Published : Thursday, June 20, 2019 | 12:11 PM
Summer is finally here, bringing fun in the sun, time with friends and family, and many opportunities for learning. The “official” start of summer and longest day of the year, June 21, is also a great time to learn about summer solstice. Summer solstice occurs when the sun appears at its highest point in the sky in the Northern Hemisphere. It’s a great time to celebrate the official start of summer, and there are plenty of fun, educational ways to enjoy the summer solstice with your kids.
Learn about the Earth’s rotation with a human sundial
Encourage curiosity by asking your child questions about the relationship between the sun and the time of year, seasons, and how it differs in different parts of the world.
For a more hands-on approach, you can have your child act as a human sundial and track the sun throughout the day. Have your child pick a spot in your driveway or sidewalk that gets plenty of sun. Using sidewalk chalk, trace your child’s shadow on the pavement (or if your child wants to do the tracing, switch roles). Repeat this at different times throughout the day when it is sunny. You might set an alarm or use meal and snack times as your cue: 8 am, 10:30 am, 1 pm, 3:30 pm, and 6 pm. Use your chalk to record the time of day next to each shadow tracing. Then, make a note of where the sun is in the sky during each tracing.
After you’ve completed a few tracings, have your child observe the differences in their shadows. They can measure their shadow and record their observations in a notebook. When you’ve completed a day, discuss why their shadow changes. You might ask how their shadow changed according to the sun’s position, when their shadow was the shortest and longest, or if their shadow also changes through the year.
Make solar s’mores for an educational treat
For summer solstice fun that also includes a classic, delicious summer snack, try making solar s’mores with the kids!
What you’ll need:
• Empty pizza box or cardboard box with lid
• Aluminum foil
• Black construction paper
• Clear plastic wrap
• Glue stick
• 1 ft long ruler, skewer, or stick
• X-acto knife or scissors
• Graham crackers
• Chocolate bars
How to play: Use a clean cardboard box with an attached lid, like an empty pizza box. Cut a square flap on the lid of the box, leaving about 1” to 2” of space from the edges of the box. The flap you cut should mirror the lid of the box, opening and closing from the hinge side of the lid.
Then, measure and cut a piece of aluminum foil large enough to line the bottom and sides of your box. Apply glue to the bottom and sides of your box and lay the foil pieces on it, dull side down. Next, measure and cut a piece of aluminum foil large enough to cover the inside of the flap you previously cut out. Glue this foil to the inside of the flap, dull side down.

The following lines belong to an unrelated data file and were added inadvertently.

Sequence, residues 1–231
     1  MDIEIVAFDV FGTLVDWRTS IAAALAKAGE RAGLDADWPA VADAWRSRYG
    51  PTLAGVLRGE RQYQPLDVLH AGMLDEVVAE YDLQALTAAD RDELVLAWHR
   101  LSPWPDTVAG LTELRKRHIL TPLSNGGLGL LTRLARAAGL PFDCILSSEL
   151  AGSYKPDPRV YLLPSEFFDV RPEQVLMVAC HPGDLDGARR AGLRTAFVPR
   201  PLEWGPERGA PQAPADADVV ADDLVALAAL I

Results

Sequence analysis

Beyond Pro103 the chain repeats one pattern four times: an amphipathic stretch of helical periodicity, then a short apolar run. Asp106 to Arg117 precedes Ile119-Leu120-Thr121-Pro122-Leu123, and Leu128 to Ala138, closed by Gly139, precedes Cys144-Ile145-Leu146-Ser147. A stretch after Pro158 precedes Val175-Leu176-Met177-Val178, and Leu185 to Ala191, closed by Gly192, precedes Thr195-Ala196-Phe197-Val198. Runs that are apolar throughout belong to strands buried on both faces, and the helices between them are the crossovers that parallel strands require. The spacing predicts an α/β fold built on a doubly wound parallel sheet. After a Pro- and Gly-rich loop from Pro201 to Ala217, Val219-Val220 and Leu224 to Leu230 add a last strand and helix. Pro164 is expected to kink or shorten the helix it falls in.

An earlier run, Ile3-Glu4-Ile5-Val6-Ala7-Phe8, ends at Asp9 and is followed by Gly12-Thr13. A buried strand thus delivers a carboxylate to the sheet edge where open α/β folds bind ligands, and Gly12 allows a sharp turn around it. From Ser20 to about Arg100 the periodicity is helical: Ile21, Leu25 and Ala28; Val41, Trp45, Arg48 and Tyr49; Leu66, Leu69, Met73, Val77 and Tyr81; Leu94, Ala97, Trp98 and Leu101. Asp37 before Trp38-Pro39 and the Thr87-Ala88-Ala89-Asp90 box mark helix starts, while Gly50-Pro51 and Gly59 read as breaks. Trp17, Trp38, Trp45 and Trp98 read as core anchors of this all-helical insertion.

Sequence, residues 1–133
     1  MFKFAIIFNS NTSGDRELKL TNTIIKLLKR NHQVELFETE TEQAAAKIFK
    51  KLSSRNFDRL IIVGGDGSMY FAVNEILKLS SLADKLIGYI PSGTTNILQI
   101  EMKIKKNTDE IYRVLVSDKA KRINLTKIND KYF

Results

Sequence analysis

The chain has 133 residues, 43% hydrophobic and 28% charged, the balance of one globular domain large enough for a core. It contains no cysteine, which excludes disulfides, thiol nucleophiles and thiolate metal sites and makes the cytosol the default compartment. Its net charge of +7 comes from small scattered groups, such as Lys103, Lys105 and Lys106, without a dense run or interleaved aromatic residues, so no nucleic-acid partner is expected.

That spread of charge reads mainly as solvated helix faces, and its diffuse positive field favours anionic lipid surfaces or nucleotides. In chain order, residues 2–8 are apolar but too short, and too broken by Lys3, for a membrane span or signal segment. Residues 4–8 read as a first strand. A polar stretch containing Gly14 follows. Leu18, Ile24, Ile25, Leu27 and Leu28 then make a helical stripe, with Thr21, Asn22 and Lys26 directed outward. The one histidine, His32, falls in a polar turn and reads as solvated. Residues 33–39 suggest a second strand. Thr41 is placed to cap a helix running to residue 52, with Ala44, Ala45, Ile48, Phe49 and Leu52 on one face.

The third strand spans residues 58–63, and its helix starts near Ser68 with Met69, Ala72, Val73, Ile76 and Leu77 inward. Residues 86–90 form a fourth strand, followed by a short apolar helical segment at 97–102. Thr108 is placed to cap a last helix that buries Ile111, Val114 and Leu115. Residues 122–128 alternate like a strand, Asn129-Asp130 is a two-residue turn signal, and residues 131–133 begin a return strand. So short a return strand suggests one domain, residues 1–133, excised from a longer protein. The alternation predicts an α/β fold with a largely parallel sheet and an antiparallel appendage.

Cut out a piece of black construction paper that’s 1” to 2” smaller than the bottom of your box. Center it on the foil bottom of your box, then tape it on top of the foil. Then, measure and cut plastic wrap that will fit over the bottom of the box when the lid is open. It will allow heat to enter and be trapped inside the box when the flap is open.
You’re ready to cook s’mores! Open the lid and place graham crackers, chocolate, and marshmallows on the black construction paper. Close the lid and open the flap you cut. Prop it open with a skewer, ruler, or stick. You can tape the end of the stick to the flap so it stays open. Set up your solar oven outside in a spot that will get plenty of sun. Check on it frequently to see if the chocolate has melted, and if the marshmallows have puffed up from the heat. When they’re ready to eat, top the marshmallows with another graham cracker and enjoy!
With this activity, you and your kids can talk about how the foil and black construction paperwork together to use the sun as a heat source. How would different weather affect the result? How hot did this solar oven get compared to the oven in your home?
Go stargazing on warm summer nights
On those extra hot summer days, take a break from the heat and have some summer solstice fun at night instead. Go stargazing in your backyard, in a park, on the beach, or in different locations around your city. This may be a younger child’s introduction to astronomy. Older kids can learn about stars, light, our solar system, and galaxies.
There are plenty of ways to make a stargazing activity your own. If your child is fascinated by the constellations, print out a guide or use one from a book and identify them together. Many constellations can easily be spotted and recognized. After identifying these constellations, you might talk about how they got their names and who discovered or named them.
If you are visiting different locations to see the stars, talk to your child about how the night sky will look different in a big city versus a rural area. You can even measure the differences using a light meter or a camera. Light pollution from homes, cars, streets, and other buildings will affect how easily you can see the stars. Air pollution and smog can also affect visibility. Does your city have a lot of atmospheric pollution? Where is the best place to go stargazing near your home?
More summer learning at Stratford School
All of these are fun, simple activities you can use to bring the summer solstice into your home, and to keep your child’s brain and imagination engaged. Here at Stratford School, we know the importance of summer learning and fun activities. With high expectations, encouraging teachers, and a rigorous curriculum, our programs set your child up for success during summer break and through the rest of the year. Learn more about what our programs have to offer your family!